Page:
Using this method, you can see if the refrigerator is working properly without having to open the door. As well as tracking performance trends, you can see how cool it stays during the summer.
Several monitors allow you to set alarms if the temperature falls below a certain mark, either on the readout or through the phone app. When the refrigerator stops cooling properly, you can save your food immediately and fix the problem.
Make sure the refrigerator is regularly defrosted
Make sure to defrost your fridge when it begins to build up ice, even inside the ice section. A cool temperature should be radiated from these cooling cables.
Allowing ice to build up inside your fridge impacts its performance over time and can also cause the door to seal improperly.
Check the seals on the doors
Cool air is kept inside the refrigerator by the door seal, reducing the need for constant cooling. Leaking cold air causes the refrigerator to work harder and require more maintenance.
Also, air leaks cause ice to accumulate within your RV fridge, reducing efficiency.
Keep an eye on your door seal often to spot any issues early on. The easiest way to do this is by shutting the door with a dollar. You shouldn’t be able to pull the dollar out easily.
In case of damage or excessive wear, replace it as soon as possible.
What is the cooling time for an RV fridge?
In some cases, it takes as little as four to six hours for the fridge to cool; in others, it can take as long as 24 hours. The RV refrigerator should be allowed to cool for around 24 hours before moving.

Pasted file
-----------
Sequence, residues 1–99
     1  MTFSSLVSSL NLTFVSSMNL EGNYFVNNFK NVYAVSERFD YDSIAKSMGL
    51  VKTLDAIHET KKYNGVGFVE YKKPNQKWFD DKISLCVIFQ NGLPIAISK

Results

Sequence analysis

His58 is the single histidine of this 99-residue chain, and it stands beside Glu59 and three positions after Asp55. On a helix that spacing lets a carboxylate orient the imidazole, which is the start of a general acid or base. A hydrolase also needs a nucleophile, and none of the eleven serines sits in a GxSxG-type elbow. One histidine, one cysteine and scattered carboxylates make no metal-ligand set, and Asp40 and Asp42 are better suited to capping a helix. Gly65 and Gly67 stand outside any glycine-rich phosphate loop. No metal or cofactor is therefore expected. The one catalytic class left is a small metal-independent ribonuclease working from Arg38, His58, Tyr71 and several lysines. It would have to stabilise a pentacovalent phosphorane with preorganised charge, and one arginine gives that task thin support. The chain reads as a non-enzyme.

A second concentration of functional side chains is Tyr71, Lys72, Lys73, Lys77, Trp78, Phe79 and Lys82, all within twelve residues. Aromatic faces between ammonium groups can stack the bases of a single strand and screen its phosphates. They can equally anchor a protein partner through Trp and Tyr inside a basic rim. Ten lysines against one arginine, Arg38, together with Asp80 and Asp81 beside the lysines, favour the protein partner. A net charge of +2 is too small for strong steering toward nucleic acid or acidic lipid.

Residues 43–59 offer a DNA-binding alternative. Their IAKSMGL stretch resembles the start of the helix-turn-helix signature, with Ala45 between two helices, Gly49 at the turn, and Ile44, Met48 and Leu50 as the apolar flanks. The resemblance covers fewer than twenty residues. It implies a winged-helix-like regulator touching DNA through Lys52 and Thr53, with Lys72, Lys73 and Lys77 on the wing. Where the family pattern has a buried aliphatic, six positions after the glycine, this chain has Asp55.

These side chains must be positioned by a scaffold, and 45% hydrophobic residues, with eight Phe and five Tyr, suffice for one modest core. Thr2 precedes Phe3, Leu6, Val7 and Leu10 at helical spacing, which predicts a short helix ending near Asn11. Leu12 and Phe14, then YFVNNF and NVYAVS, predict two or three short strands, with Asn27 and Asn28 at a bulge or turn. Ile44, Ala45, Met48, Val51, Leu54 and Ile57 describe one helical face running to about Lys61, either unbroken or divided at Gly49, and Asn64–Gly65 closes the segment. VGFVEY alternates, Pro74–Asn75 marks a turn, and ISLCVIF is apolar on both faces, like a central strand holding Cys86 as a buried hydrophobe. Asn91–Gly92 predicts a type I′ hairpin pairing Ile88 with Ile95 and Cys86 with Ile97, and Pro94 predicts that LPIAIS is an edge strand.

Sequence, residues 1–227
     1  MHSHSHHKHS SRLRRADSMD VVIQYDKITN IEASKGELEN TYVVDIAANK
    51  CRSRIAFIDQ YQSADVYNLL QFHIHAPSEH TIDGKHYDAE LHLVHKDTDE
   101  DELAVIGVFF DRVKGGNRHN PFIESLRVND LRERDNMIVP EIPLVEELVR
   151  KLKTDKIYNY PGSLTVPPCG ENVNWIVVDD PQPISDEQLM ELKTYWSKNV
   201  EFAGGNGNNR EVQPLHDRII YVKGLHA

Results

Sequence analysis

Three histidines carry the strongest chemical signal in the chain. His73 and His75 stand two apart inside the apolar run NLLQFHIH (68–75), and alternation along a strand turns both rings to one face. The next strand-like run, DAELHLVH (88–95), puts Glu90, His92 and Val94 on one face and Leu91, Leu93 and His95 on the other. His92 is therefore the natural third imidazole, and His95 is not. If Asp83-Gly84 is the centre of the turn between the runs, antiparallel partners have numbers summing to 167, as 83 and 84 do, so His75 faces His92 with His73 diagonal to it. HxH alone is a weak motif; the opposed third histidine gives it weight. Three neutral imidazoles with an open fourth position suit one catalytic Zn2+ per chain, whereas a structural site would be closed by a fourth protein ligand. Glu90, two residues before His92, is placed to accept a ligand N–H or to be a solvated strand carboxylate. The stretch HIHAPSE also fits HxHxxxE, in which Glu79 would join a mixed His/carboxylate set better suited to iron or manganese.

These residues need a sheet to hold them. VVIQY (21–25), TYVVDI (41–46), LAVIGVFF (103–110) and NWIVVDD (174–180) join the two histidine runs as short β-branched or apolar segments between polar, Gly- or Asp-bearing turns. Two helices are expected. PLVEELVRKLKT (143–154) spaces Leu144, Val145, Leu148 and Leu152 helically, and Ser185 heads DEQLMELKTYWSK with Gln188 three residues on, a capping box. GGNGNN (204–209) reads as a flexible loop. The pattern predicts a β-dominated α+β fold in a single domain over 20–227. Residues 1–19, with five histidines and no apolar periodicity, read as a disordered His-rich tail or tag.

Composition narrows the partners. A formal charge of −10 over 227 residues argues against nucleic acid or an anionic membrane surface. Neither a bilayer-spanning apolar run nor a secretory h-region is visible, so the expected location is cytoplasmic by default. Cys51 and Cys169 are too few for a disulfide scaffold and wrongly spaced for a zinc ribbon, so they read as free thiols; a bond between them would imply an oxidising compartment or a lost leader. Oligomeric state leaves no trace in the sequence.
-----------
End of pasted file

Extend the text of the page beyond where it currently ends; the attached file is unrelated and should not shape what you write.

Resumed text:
This time is also impacted by:
- The temperature in and around the refrigerator
- The number of items in the fridge
- Fridge items’ temperatures
It may be difficult for your fridge to cool if its components are damaged. Keeping track of cooling time can help you detect these issues.
Is it better to use gas or electricity to power a refrigerator in an RV?
The majority of RV owners prefer electric refrigerators to gas refrigerators, but each fueling option has advantages and disadvantages.
A gas refrigerator cools faster, and the freezer operates cooler, but if not leveled properly, they stop working. You are also dealing with a volatile substance in gas, which means your lines are more flammable and more prone to catching fire.
When used properly, the electricity type is generally safer but cools slowly. Cooling it with electricity becomes more efficient once you reach the maximum temperature. A solar panel can also power your RV fridge.
How long does an RV fridge stay cold without power?
A properly running RV fridge should remain cool for up to 12 hours. Several factors can influence the length of time that it can cool items in the fridge.
Keep your RV fridge cool when there is no power by following these steps:
- Fill it up (but don’t overfill it)
- Store only cold items
- Close the fridge when not in use
- Keeping the battery connected when sitting
A handy thermometer ensures that perishable food won’t get too hot in the fridge during transport. It’s also important to know when to throw out food because it didn’t stay cool in the fridge.
You can get started with cold food sooner than expected when you find the fastest way to cool your RV. Most of these methods follow the same principles as proper refrigerator usage, and none of them require fancy equipment.
A refrigerator in an RV helps us bring the comfort of cold food along with us even when we’re on vacation.